Skip to main content
Report this ad

See also:

New York State not Interested in Town of Sweden
State of New York, Office of the Attorney General

The members of the Sweden Town Council get to skate through their jobs for a while longer.

The New York Attorney General’s Office has declined to investigate the many conflicts of interest on the Town Council. The Attorney General’s Office has bigger fish to fry

For example, last year, former state Sen. Shirley Huntley (D-Queens) was sentenced to a year and a day in prison for corruption. In the same investigation, Sen. John Sampson (D-Queens) and Assemblyman Eric Stevenson (D-Bronx) were arrested on corruption charges, as was former Assemblyman Nelson Castro (D-Bronx).Then there's the 2013 case of Republicans accepting bribes to nominate a Democrat as the Republican candidate for Mayor of New York City.

The FBI caught three Republicans - City Council member Daniel J. Halloran III , and two Republican leaders, Vincent Tabone (Queens) and Joseph J. Savino Bronx accepting bribes from State Senator Malcolm A. Smith, a Democrat.

Smith wanted to buy the Republican nomination for mayor of New York City.

Halloran, the deal maker, told an FBI undercover agent that Savino, the Bronx Republican chairman, wanted $25,000, “In an envelope,” for his support. According to the FBI, Savino eventually settled for $15,000.

Halloran also told the same FBI undercover agent that Tabone, vice chairman of the Queens Republican Party, wanted $50,000, with half up front before he'd give his support to Smith.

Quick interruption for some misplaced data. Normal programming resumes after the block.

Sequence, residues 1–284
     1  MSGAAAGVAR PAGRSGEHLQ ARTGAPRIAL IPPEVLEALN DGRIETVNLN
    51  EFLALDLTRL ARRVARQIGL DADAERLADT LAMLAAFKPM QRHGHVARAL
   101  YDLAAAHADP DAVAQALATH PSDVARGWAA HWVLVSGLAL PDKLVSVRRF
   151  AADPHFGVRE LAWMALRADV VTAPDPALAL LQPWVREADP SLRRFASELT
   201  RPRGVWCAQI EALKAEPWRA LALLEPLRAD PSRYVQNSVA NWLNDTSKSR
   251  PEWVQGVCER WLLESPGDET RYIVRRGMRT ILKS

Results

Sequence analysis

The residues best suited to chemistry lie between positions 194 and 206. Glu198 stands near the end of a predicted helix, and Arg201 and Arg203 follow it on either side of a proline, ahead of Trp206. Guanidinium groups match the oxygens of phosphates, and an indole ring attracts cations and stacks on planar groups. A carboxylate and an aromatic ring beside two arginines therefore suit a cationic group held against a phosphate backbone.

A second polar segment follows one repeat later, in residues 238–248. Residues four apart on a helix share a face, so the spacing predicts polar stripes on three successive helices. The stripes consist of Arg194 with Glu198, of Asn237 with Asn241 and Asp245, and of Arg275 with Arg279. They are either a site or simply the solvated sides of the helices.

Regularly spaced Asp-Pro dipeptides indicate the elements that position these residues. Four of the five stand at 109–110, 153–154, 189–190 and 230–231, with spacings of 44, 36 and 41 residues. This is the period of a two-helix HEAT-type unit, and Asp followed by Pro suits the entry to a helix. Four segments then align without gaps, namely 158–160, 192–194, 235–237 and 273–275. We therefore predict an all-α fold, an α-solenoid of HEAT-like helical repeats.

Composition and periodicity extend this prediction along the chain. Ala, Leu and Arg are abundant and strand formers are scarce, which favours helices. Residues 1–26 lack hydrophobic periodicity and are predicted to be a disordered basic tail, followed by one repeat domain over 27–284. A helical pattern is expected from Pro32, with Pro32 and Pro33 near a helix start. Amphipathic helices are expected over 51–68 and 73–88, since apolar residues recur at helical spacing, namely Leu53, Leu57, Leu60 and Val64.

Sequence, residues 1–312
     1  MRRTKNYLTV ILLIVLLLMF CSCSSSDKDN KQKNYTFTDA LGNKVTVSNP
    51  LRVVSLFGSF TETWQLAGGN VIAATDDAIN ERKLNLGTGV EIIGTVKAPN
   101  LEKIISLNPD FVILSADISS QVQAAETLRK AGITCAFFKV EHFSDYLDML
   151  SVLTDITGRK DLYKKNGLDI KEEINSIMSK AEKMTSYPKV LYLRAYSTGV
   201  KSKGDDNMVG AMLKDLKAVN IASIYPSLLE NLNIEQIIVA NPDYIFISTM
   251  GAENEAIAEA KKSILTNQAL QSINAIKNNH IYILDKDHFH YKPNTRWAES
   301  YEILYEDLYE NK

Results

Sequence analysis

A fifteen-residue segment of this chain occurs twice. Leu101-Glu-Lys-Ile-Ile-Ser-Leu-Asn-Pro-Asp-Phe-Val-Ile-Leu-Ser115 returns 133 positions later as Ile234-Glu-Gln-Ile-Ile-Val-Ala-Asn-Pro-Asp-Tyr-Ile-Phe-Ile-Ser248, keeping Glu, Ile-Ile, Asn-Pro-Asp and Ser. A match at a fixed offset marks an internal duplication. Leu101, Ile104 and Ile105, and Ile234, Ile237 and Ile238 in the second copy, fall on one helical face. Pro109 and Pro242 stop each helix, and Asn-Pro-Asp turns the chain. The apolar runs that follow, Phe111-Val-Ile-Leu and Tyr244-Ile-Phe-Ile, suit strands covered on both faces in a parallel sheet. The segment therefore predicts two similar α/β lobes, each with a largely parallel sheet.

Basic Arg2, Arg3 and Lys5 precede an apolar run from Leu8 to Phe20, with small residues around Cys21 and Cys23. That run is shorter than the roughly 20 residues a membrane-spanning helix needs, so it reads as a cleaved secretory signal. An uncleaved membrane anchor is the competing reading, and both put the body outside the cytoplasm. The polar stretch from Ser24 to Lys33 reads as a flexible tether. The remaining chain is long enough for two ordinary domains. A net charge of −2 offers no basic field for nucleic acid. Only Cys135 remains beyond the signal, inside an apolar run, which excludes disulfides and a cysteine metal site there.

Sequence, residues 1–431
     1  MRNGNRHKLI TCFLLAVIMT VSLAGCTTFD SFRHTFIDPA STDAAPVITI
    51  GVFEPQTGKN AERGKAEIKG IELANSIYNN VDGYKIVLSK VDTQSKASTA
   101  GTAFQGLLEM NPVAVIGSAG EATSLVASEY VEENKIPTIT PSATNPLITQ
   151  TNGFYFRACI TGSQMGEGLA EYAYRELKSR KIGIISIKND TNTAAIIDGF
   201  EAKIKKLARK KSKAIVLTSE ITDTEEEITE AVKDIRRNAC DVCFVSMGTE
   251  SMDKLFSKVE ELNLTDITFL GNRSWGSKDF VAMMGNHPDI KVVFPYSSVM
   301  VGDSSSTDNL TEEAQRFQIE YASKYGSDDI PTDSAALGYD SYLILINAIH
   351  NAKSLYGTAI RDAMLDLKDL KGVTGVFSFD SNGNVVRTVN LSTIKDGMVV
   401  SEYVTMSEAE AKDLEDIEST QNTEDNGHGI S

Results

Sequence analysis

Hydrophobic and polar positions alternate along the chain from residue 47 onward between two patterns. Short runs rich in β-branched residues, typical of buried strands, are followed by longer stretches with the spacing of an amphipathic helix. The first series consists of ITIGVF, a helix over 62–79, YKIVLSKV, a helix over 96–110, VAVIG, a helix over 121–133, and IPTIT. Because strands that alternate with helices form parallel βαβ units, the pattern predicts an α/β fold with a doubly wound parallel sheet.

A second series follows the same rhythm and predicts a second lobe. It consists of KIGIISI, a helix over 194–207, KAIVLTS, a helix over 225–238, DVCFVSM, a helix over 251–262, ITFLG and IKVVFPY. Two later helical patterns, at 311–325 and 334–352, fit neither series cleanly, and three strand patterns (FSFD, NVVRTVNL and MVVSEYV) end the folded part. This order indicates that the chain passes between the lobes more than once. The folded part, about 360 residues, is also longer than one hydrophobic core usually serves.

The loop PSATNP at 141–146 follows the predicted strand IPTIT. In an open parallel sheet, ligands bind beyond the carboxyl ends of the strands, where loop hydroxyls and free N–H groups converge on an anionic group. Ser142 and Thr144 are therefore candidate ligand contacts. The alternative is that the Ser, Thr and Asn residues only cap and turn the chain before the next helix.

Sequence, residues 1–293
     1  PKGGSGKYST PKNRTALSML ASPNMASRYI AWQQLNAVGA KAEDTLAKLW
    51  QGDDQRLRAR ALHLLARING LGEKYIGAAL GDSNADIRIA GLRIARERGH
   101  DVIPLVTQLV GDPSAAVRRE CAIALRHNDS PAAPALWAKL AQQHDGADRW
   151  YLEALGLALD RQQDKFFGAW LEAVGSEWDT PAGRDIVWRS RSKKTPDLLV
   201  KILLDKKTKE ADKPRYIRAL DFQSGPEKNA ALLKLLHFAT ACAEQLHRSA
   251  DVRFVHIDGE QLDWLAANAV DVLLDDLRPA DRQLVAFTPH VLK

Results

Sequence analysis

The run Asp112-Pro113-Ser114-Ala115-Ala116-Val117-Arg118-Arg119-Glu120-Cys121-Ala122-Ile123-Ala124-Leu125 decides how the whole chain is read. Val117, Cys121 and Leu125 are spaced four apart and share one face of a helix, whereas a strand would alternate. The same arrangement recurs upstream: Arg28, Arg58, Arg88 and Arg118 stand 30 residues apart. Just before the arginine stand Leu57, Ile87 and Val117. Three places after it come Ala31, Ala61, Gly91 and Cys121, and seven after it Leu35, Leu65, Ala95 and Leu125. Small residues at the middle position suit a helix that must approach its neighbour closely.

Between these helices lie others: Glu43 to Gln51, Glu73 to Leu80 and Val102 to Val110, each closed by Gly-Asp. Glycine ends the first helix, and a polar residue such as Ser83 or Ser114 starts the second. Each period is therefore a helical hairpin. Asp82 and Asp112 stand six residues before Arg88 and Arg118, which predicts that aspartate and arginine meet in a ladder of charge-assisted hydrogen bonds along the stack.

With high profile cases like those happening all over New York State, maybe it isn’t surprising that the Attorney General had the following response to a complaint filed about the Town of Sweden’s corrupt town court, fuzzy accounting, and rampant nepotism.

State of New York
Office of the Attorney General
Division of Criminal Justice
Public Integrity Bureau.

March 27, 2014

On behalf of Attorney General Eric T. Schneiderman, I thank you for the information you provided to our office dated March 4, 2014

The Public Integrity Bureau has carefully reviewed your correspondence and has determined that your complaint does not warrant action by this office at this time.

Please be advised that this Office does not provide legal opinions nor represent individuals. If you believe that you may have an individual claim, you may wish to consult a private attorney. Your local bar association provide attorney referrals. Please note: The complaint you filed with this Office has no effect on any statute of limitations filing deadlines that might apply to your claim. By filing a complaint with this Office, you have not initiated a lawsuit or a proceeding, nor has this Office initiated a lawsuit or a proceeding on your behalf.

Thank you again for bringing this matter to our attention.

Very truly yours,

Public Integrity Bureau

But patience is a virtue. Everything comes to those who wait.

In February, CNN reported that Hampton, Florida, is the most corrupt town in America. But after its corruption became national news, the people of Hampton, Florida finally did something to clean up the town government.

The residents of Hampton rolled up their sleeves and started to turn their city around.

In four short weeks,

  • Every elected official, who was in office when the scandal broke, has resigned from office.
  • A special election has been set for September to elect a whole new set of officials.
  • Cleaned up their accounting practices, so people can understand how much revenue is raised and how it is actually spent.

Sound familiar?

If Hampton, Florida can clean up its act then so can the Town of Sweden. All it takes is people who are determined to make things better.

Report this ad